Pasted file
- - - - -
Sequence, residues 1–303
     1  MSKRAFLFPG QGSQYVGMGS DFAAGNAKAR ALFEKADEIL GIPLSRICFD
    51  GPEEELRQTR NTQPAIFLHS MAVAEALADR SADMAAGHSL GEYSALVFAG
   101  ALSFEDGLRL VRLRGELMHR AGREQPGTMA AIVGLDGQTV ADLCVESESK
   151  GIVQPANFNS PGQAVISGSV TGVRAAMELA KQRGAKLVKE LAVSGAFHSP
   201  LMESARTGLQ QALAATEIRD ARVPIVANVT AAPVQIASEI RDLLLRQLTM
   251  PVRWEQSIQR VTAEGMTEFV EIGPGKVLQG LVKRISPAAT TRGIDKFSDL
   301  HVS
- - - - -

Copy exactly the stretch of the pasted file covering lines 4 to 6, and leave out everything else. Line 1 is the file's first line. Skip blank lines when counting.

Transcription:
   101  ALSFEDGLRL VRLRGELMHR AGREQPGTMA AIVGLDGQTV ADLCVESESK
   151  GIVQPANFNS PGQAVISGSV TGVRAAMELA KQRGAKLVKE LAVSGAFHSP
   201  LMESARTGLQ QALAATEIRD ARVPIVANVT AAPVQIASEI RDLLLRQLTM